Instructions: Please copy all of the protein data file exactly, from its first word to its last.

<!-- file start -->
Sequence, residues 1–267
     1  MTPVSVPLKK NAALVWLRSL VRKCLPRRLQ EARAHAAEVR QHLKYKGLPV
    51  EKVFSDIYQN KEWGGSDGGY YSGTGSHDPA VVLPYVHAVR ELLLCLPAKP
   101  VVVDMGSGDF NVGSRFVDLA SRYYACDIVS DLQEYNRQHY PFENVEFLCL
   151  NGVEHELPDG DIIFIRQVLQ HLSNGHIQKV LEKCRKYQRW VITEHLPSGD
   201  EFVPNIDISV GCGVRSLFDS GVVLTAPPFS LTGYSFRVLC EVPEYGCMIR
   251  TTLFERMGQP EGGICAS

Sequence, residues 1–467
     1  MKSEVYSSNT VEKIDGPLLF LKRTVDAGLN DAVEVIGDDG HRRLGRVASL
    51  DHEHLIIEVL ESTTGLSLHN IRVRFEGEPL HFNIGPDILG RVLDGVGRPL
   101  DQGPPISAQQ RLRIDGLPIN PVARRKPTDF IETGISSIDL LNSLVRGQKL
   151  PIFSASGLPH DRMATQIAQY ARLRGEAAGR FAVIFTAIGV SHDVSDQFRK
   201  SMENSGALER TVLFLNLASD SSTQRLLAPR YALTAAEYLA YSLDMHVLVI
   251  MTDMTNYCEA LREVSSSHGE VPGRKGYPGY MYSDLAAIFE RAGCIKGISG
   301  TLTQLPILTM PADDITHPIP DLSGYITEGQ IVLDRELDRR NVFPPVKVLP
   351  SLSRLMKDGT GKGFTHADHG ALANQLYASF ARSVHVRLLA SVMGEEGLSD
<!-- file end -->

Sequence, residues 1–267
     1  MTPVSVPLKK NAALVWLRSL VRKCLPRRLQ EARAHAAEVR QHLKYKGLPV
    51  EKVFSDIYQN KEWGGSDGGY YSGTGSHDPA VVLPYVHAVR ELLLCLPAKP
   101  VVVDMGSGDF NVGSRFVDLA SRYYACDIVS DLQEYNRQHY PFENVEFLCL
   151  NGVEHELPDG DIIFIRQVLQ HLSNGHIQKV LEKCRKYQRW VITEHLPSGD
   201  EFVPNIDISV GCGVRSLFDS GVVLTAPPFS LTGYSFRVLC EVPEYGCMIR
   251  TTLFERMGQP EGGICAS

Sequence, residues 1–467
     1  MKSEVYSSNT VEKIDGPLLF LKRTVDAGLN DAVEVIGDDG HRRLGRVASL
    51  DHEHLIIEVL ESTTGLSLHN IRVRFEGEPL HFNIGPDILG RVLDGVGRPL
   101  DQGPPISAQQ RLRIDGLPIN PVARRKPTDF IETGISSIDL LNSLVRGQKL
   151  PIFSASGLPH DRMATQIAQY ARLRGEAAGR FAVIFTAIGV SHDVSDQFRK
   201  SMENSGALER TVLFLNLASD SSTQRLLAPR YALTAAEYLA YSLDMHVLVI
   251  MTDMTNYCEA LREVSSSHGE VPGRKGYPGY MYSDLAAIFE RAGCIKGISG
   301  TLTQLPILTM PADDITHPIP DLSGYITEGQ IVLDRELDRR NVFPPVKVLP
   351  SLSRLMKDGT GKGFTHADHG ALANQLYASF ARSVHVRLLA SVMGEEGLSD